Wednesday's announcement that Fiat plans to spend $1.27 billion to increase its share of Chrysler Group—allowing it to reach a controlling stake of 51 percent two years earlier than previously announced—has set the auto world abuzz. Sergio Marchionne, CEO of both brands, has told analysts that the move will "provide a much-needed base for a fuller operational integration of these businesses."
Not that it'll be easy. Fiat is a proud, 112-year-old automaker based in Turin, Italy, whose corporate garage purrs with sexy nameplates like Ferrari and Maserati. Chrysler is a once-proud 86-year-old automaker based in Auburn Hills, Mich., that makes Jeeps and still owes the U.S. and Canadian governments $7.53 billion.
Not exactly a perfect match, is it?
"The verdict is still out as to whether this is going to work," said Chris Cedergren of Los Angeles-based automotive consultancy Iceology.
If it does work, each brand stands to gain something significant. Fiat is salivating over the prospect of broader distribution of its fuel-efficient cars like the Fiat 500 in a U.S. market worried by the price of gas. And Chrysler needs just about everything else—money, manufacturing synergies, and a chance to build sales volume. It could all actually work, Cedergren adds, if the brands find ways to share their platforms. "In theory it all sounds fantastic," he said, "but these things are often difficult to implement."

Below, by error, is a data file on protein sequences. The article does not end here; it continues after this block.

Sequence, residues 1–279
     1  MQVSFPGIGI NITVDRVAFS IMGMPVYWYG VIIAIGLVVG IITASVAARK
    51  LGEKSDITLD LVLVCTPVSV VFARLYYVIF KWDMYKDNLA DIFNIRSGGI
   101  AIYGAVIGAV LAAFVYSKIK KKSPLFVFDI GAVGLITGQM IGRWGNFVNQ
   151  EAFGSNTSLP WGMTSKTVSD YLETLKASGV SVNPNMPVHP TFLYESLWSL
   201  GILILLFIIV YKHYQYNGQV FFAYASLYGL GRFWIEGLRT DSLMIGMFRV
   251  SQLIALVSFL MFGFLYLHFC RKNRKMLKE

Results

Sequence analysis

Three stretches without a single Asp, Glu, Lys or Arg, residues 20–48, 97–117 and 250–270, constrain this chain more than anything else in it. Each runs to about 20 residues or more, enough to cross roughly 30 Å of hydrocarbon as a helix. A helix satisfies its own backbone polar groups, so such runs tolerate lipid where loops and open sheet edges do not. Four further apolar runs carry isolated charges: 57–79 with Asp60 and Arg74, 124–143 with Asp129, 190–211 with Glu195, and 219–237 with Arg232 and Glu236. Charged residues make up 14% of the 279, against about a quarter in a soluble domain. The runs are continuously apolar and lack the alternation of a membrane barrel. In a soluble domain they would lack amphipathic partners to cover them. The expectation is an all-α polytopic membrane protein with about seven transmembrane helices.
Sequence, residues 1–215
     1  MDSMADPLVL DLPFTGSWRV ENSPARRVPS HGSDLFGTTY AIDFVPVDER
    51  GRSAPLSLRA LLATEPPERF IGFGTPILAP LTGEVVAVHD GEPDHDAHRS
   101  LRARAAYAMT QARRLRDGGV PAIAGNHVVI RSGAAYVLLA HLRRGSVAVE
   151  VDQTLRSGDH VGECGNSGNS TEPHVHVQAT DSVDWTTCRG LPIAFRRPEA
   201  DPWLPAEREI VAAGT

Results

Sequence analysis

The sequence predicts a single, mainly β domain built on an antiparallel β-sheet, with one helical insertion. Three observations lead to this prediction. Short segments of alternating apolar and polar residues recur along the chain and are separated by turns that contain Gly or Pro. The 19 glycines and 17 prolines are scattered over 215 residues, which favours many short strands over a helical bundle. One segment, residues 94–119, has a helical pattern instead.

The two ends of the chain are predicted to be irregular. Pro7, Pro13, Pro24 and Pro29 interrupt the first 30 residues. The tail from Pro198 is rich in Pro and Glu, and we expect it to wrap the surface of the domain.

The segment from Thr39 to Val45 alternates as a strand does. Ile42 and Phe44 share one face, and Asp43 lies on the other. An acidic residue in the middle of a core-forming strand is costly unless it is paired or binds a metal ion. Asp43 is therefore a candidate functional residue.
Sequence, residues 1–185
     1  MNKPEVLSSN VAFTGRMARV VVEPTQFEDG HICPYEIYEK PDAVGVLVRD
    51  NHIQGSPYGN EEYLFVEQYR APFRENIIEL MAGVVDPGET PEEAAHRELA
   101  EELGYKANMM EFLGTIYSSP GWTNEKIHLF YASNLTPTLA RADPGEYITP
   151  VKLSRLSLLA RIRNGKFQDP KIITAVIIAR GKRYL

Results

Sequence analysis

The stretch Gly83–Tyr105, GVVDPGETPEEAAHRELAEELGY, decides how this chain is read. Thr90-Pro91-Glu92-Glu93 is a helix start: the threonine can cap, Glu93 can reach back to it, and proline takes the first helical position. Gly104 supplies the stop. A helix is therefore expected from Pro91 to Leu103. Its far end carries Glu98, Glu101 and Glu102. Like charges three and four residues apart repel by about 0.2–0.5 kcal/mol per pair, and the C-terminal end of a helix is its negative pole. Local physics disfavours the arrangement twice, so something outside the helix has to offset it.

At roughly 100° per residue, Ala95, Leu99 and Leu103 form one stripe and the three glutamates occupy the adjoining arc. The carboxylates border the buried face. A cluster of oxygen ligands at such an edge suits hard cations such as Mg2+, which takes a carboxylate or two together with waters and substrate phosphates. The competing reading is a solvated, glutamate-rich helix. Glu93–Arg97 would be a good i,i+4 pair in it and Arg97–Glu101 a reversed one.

Meanwhile, as the world waits to see how the deepening Chrysler-Fiat romance turns out, it bears looking back at two other exotic automotive marriages for some pointers on what works—and what clearly does not.
In 1998, Germany's Daimler AG plunked down $37 billion to buy Chrysler—at the time the most profitable car company in the world. Though the move was billed as a "merger of equals," it turned out to be anything but. Daimler built its Mercedes-Benz brand with the ethos of "quality at any cost" while Chrysler had to aim for the value-price bracket. Daimler officials scoffed (sometimes publicly) at Chrysler as a blue-collar brand, then made the added mistake of subjugating Chrysler's swaggering American culture beneath the staid, monolithic management of Stuttgart, prompting mass defections of top talent. They broke up in 2007.
By contrast, the 1999 cross-shareholding alliance between Renault and Nissan has become a textbook case of how to get disparate brands to mesh. In sum: Both companies kept working at what they did best (Nissan tinkered with better gasoline engines while Renault focused on diesel), and nobody tried to cram the two corporate cultures together. "The French and Japanese? Many people thought those two together were a joke," Cedergren recalled. "But [Renault-Nissan CEO] Carlos Ghosn had the last laugh."
Time will tell who'll be laughing once Fiat finishes with its latest overtures, but as Marchionne performs his "operational integration" with Chrysler, he'd probably do well to stop short of compulsory Italian lessons for those in Auburn Hills.